We will use the TensorFlow framework; however, the code in PyTorch code doesn’t differ too much. We will use the Keras API because since the release of Tensorflow 2.0, tf.keras.Model API has become the easiest way for beginners of building neural networks, particularly those not requiring custom training loops.

Before moving on, take a look at this post to answer the following task.


Task 3:

Briefly describe in a textual way the main differences that you consider that your MNIST classifier code has with its equivalent in PyTorch.


3 —  Software stack required for deep learning applications

It is important to remember that before executing a DL application, it is required to load all the packages that build the application’s software stack environment.

3.1 Load required modules

At CTE-POWER supercomputer, it is done though modules  , that can be done with the command module load before running the corresponding .py code.

In our case study, we need the following modules that include the required libraries:

module load gcc/8.3.0 cuda/10.2 cudnn/7.6.4 nccl/2.4.8 tensorrt/6.0.1 openmpi/4.0.1 atlas/3.10.3 scalapack/2.0.2 fftw/3.3.8 szip/2.1.1 ffmpeg/4.2.1 opencv/4.1.1 python/3.7.4_ML

Task 4:

Load the required modules.


3.2 Interactive execution of the code

 

How to execute our code in the login node?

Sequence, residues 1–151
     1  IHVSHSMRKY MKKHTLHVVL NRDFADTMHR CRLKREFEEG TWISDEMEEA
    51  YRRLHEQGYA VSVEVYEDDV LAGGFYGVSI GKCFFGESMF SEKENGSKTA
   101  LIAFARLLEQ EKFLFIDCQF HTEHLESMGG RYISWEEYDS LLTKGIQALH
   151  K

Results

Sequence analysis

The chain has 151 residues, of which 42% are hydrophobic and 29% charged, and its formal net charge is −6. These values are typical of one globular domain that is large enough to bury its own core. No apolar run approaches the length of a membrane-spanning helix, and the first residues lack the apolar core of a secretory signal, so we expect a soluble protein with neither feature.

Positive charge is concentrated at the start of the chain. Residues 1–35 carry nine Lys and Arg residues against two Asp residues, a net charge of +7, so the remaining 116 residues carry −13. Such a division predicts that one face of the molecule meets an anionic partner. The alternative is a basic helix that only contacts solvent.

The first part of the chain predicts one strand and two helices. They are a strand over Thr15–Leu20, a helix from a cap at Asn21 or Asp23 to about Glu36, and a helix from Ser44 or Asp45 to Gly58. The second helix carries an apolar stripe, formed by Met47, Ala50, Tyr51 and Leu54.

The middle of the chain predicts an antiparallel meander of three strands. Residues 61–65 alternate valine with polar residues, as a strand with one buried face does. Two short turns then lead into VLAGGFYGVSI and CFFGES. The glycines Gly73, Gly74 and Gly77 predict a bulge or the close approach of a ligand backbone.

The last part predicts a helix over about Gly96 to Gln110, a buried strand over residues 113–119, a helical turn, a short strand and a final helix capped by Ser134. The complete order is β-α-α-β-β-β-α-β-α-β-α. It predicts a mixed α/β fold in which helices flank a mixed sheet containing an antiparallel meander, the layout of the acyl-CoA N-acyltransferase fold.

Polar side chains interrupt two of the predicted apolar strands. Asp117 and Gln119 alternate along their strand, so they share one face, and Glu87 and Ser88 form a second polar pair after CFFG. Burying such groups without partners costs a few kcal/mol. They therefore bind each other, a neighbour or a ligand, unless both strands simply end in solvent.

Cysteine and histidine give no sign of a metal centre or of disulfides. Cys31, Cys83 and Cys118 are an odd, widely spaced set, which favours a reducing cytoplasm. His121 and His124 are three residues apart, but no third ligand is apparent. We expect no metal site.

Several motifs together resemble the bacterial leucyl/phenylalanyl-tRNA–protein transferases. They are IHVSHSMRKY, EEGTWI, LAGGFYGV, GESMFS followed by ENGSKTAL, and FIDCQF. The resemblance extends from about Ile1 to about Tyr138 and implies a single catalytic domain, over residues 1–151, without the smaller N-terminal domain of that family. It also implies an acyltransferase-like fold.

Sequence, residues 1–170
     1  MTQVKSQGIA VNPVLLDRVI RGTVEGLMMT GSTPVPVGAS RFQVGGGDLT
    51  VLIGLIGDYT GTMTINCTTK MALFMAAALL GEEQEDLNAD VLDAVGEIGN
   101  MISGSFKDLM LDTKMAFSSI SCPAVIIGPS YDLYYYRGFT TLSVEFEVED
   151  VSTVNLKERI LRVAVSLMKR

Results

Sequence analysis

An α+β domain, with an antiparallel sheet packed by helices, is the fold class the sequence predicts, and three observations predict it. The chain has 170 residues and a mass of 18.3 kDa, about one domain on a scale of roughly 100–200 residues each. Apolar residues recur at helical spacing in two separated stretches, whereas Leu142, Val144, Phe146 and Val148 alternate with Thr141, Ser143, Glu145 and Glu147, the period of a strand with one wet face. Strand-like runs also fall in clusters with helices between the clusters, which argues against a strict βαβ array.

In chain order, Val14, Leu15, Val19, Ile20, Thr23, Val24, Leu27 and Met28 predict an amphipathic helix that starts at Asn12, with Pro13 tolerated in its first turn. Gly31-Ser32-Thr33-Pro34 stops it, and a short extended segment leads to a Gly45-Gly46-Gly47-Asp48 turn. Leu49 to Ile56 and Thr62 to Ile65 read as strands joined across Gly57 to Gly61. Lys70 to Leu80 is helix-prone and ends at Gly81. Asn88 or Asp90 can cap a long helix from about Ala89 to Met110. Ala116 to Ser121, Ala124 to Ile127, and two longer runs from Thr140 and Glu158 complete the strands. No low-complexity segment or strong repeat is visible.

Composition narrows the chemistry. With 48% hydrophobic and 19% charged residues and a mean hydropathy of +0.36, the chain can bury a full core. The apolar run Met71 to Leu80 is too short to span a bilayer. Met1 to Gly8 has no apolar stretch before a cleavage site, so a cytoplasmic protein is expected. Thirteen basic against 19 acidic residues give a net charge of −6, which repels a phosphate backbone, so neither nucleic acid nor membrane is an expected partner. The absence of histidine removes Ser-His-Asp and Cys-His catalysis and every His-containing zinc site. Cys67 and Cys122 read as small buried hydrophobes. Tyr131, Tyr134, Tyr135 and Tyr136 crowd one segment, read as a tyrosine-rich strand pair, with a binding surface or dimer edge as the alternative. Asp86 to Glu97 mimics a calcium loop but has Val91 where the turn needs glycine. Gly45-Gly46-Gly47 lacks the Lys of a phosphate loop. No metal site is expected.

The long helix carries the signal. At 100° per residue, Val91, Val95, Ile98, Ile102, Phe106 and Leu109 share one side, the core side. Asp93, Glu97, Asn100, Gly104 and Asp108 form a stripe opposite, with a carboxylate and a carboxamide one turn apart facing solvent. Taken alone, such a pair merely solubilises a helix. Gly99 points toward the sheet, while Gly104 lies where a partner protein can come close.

python MNIST.py

If we want to detach the standard outputs and the standard error messages, we can add this argument 2>err.txt:

python MNIST.py 2>err.txt

Redirecting the standard error allows us to see the result of the training that gives us the Keras by the standard output without the information related to the execution environment:

Epoch 1/5
600/600 [======] - 2s 3ms/step - loss: 0.9553 - accuracy: 0.7612
Epoch 2/5
600/600 [======] - 1s 2ms/step - loss: 0.2631 - accuracy: 0.9235
Epoch 3/5
600/600 [======] - 2s 3ms/step - loss: 0.1904 - accuracy: 0.9446
Epoch 4/5
600/600 [======] - 2s 3ms/step - loss: 0.1528 - accuracy: 0.9555
Epoch 5/5
600/600 [======] - 2s 3ms/step - loss: 0.1288 - accuracy: 0.9629
313/313 [======] - 1s 2ms/step - loss: 0.1096 - accuracy: 0.9671
Test accuracy: 0.9671000242233276

 


Task 5:

Launch your MNIST.py  sequential program in the CTE-POWER supercomputing (detach the standard outputs and the standard error messages).


 

Well, our code is executed in the login node shared with other jobs from users that are trying to submit jobs to the SLURM system, but what we really need is to allocate resources for our code. How can we do it?

4 — How to allocate computing resources with SLURM

To run a code in CTE-POWER we use the SLURM workload manager. An excellent Quick Start User Guide can be found here. We have two ways to use it: sbatch and salloc commands.

4.1  sbatch

The method for submitting jobs that we will center our today hands-on exercise will be using the SLURM sbatchcommand directly. sbatch submits a batch script to Slurm. The batch script may be given sbatch through a file name on the command line (.sh file). The batch script may contain options preceded with #SBATCH before any executable commands in the script. sbatch will stop processing further #SBATCH directives once the first non-comment or non-whitespace line has been reached in the script.